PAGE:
The purified PgHsp70 (The concentration of protein 0.1 mg ml−1 prepared in 0.1 M phosphate of pH 8.0) was titrated at room temperature against different concentrations of KI, urea, Gdn.HCl and SDS. The changes in the structural conformation by CD and chaperone activity of PgHsp70 were recorded. The effect of pH on PgHsp70 was studied by using different pH buffers (Glycine-HCl for pH 4.0; phosphate for pH 8.0; Glycine-NaOH for pH 10.0) and changes in the secondary structural conformation of the protein and its in-vitro chaperone activity were recorded.

Effect of pH on PgHsp70 by fluorescence measurements.

The steady-state fluorescence measurements were performed in a Hitachi F-4500 fluorescence spectrofluorometer at room temperature using a slit width of 5/5 nm (exc/emi) with a slow scan of 15 nm min-1 and quartz cells of 1 cm path length. Fluorescence emission spectra were recorded at 340 nm by using excitation wavelengths of 325 nm for the tryptophan (W) and tyrosine (Y) fluorophore. The protein samples of PgHSP70 were prepared in different 0.1 M buffer systems (Glycine-HCl, pH 4; phosphate [K2HPO4-KH2PO4] pH 8.0; Glycine-NaOH pH 10.0) and changes in their intrinsic fluorescence intensity were recorded at 280 nm.

Co-expression of PgHsp70 with carbonic anhydrase.

Initially the carbonic anhydrous coding region was cloned in Nde I and BamH I sites of pET14b the resultant construct expressed the recombinant carbonic anhydrase in E. coli which completely partitioned into inclusion bodies. The same recombinant carbonic anhydrase expression cassette from pET14b was PCR amplified along with T7 promoter and T7 terminator using the following oligonucleotide forward 5′GCG GCC GCA TCA TGG CGA CCA CAC CCG TCC-3′ and reverse primer 5′GAG CTC CGA AGT GGC GAG CCC GAT CT3′ synthesized based on the sequence information of pET14b vector. The Not I and Sac I restriction enzyme sites were introduced in the primers. The PCR amplified carbonic anhydrous expression cassette was re cloned into Not I and Sac I sites of pET28a in which PgHsp70 gene was already cloned into Nde I and Not I sites as mentioned earlier. The recombinant carbonic anhydrase expression cassette from pET14b starting from T7 promoter to T7 terminator was PCR amplified using the following oligonucleotide primers with Not I and Sac I restriction enzyme sites (Not I: 5′GCG GCC GCA TCA TGG CGA CCA CAC CCG TCC-3′ and Sac I: 5′GAG CTC CGA AGT GGC GAG CCC GAT CT3′) and re cloned into Not I and Sac I sites of pET28a in which PgHsp70 gene was already cloned into Nde I and Not I sites as mentioned earlier. The simultaneous overexpression of both recombinant proteins was induced in E. coli for two hours in the presence of 1 mM IPTG. The presence of both recombinant carbonic anhydrase as well as recombinant HSP70 proteins was analyzed both in the soluble and insoluble fractions of the E. coli lysate.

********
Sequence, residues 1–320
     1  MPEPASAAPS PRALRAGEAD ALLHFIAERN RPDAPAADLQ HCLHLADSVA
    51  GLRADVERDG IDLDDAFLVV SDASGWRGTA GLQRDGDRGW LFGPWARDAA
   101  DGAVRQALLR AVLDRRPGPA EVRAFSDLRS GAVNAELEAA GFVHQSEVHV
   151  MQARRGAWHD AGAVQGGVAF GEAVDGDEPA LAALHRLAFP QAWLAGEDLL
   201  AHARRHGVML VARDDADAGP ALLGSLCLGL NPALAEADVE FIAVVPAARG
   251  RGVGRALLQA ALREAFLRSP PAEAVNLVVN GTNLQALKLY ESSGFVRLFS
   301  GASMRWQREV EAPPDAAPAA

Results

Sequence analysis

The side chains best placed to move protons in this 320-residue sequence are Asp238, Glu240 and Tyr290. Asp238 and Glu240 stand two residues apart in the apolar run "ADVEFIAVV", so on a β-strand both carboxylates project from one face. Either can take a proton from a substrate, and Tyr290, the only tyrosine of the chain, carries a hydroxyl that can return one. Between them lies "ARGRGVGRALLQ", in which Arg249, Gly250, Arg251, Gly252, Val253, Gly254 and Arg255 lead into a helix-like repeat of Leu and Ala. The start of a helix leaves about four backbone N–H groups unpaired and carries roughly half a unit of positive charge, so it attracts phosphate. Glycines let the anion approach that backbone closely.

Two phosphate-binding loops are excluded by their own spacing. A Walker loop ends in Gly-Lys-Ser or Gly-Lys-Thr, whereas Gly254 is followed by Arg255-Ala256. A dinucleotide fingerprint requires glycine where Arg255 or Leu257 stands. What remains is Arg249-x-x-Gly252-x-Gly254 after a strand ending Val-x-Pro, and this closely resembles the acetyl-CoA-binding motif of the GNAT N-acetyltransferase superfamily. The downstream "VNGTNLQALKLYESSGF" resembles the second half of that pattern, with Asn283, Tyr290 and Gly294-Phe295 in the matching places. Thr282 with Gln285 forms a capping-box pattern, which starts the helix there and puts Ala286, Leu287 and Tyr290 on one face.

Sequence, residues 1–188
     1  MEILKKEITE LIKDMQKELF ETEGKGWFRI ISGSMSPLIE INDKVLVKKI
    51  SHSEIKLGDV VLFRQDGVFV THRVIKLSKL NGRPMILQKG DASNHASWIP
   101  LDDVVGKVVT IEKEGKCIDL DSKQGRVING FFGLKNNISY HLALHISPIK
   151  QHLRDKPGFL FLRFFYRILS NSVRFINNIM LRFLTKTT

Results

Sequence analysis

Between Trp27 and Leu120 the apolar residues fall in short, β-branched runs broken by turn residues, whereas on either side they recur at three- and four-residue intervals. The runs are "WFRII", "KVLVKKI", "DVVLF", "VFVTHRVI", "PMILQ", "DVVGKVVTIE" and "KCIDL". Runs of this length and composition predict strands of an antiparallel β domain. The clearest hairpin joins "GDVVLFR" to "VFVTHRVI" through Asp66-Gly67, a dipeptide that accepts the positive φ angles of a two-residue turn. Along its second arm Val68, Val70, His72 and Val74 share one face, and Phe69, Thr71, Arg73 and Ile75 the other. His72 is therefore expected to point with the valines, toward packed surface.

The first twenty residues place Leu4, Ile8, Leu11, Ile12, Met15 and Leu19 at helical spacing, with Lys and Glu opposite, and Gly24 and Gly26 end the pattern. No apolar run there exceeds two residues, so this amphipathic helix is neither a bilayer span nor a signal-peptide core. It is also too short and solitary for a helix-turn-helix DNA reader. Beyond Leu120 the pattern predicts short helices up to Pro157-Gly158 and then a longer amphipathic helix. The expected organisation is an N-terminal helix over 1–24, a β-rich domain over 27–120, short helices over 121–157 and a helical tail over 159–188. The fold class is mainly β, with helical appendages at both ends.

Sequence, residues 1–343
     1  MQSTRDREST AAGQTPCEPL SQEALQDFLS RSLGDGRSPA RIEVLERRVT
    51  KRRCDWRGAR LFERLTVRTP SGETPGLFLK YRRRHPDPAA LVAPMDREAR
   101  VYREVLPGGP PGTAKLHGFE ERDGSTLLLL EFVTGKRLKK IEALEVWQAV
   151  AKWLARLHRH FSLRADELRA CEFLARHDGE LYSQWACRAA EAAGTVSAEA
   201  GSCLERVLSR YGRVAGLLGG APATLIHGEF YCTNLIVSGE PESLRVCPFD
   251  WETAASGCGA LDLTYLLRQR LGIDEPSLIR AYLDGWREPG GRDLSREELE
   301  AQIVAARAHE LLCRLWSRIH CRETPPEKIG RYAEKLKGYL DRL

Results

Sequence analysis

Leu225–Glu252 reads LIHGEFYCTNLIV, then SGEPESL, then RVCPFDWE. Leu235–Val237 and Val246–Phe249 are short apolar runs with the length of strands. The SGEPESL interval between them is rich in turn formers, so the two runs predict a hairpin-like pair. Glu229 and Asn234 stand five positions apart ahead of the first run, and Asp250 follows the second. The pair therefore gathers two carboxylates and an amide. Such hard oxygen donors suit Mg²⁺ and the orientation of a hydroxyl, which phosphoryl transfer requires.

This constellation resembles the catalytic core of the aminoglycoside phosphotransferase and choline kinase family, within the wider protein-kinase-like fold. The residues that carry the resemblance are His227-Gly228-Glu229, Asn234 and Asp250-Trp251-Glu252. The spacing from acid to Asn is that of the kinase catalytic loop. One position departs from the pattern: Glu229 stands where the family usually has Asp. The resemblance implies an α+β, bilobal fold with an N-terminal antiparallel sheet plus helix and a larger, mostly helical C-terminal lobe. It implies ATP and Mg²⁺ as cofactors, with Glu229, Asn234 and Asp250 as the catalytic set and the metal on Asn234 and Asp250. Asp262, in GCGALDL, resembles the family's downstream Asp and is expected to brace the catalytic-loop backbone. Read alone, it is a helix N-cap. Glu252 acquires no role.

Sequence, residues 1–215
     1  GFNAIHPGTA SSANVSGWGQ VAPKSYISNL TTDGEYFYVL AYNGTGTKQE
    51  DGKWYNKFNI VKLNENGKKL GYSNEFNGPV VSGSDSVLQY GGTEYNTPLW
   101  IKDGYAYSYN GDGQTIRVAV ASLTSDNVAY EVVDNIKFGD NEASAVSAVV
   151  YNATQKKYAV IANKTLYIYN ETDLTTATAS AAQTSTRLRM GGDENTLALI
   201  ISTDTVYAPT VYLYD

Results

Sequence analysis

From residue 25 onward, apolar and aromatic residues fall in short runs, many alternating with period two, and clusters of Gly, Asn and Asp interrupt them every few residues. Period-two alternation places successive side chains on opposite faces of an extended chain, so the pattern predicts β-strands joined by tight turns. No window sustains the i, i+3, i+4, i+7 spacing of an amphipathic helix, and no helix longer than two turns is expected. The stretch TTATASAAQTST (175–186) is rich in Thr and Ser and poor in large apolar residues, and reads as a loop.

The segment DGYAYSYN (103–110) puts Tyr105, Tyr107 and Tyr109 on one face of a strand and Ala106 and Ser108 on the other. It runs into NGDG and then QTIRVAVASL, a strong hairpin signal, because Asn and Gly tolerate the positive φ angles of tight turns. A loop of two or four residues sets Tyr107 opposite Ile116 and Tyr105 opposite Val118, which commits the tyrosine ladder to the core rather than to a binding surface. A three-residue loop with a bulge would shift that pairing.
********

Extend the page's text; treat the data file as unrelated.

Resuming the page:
Assay for carbonic anhydrase.

The carbonic anhydrase activity was determined by the method of Armstrong et al.32 by incubating the reaction mixture containing 1.0 ml of 5 mM p-Nitrophenyl acetate prepared in 0.1 M phosphate buffer (pH 8.0) with 0.2 ml of appropriately diluted carbonic anhydrase (0.2 mg ml−1) for 5 min at room temperature, and determining the hydrolyzed p-Nitrophenylacetate at 348 nm. One carbonic anhydrase unit is defined as one m mole of p-nitrophenylacetate hydrolyzed ml−1 min−1 under the assay conditions.

Homology modeling structure determination.

The 3D structure of PgHsp70 was generated using first approach mode of the comparative modeling tools available at the Swiss model server. The PDB crystal structure (1YUW, 3) of a bovine HSC70 (amino acids: 1–554, resolution 2.6 Å). Jiang et al.33 was used as template to generate the comparative protein model. The molecular graphics were generated using MOLMOL.34 All the experiments were performed in three times and mean of the three values with SD within 10% was taken.

Conclusions

The data presented in this study clearly suggests that Hsp70 from Pennisetum glaucum is a thermostable protein and retains its chaperone activity at higher temperatures. By comparing specific structural property in relation to the chaperone activity of PgHsp70, it was found that there was no change in the α-helix content or the chaperone activity with the increase in temperature (45–85°C); this hinted a critical role of α-helix in maintaining its chaperone activity. Though thermostable in nature, PgHsp70 showed an overall 3-D structure similar to that of bovine’s HSC-70 and exhibit positive ability to refold and help express recombinant protein (e.g., CA) in soluble form rather than in the inclusion bodies in E. coli. Finally the chaperone activity of PgHSP70 on different protein substrates, high thermostability, response to broader pH range and ATP-independent in-vitro chaperone activity reflect on its novel properties and suggest that it may be a good candidate for cell homeostasis at high temperature stress. Overall, these features will have important implications on the expression of recombinant proteins in soluble and active form.

Acknowledgements

We thank to Dr. Pavan Umate, Mr. A. Mishra and Mr. Dang Quang Hung (International Centre for Genetic Engineering and Biotechnology, New Delhi) for their help in preparation of the manuscript. We also thank to Prof. T. Satyanarayana for critical reading of the manuscript (University of Delhi, South campus New Delhi). This work was financially supported by the Department of Biotechnology (Ministry of Science and Technology, Government of India) research grants.

Footnotes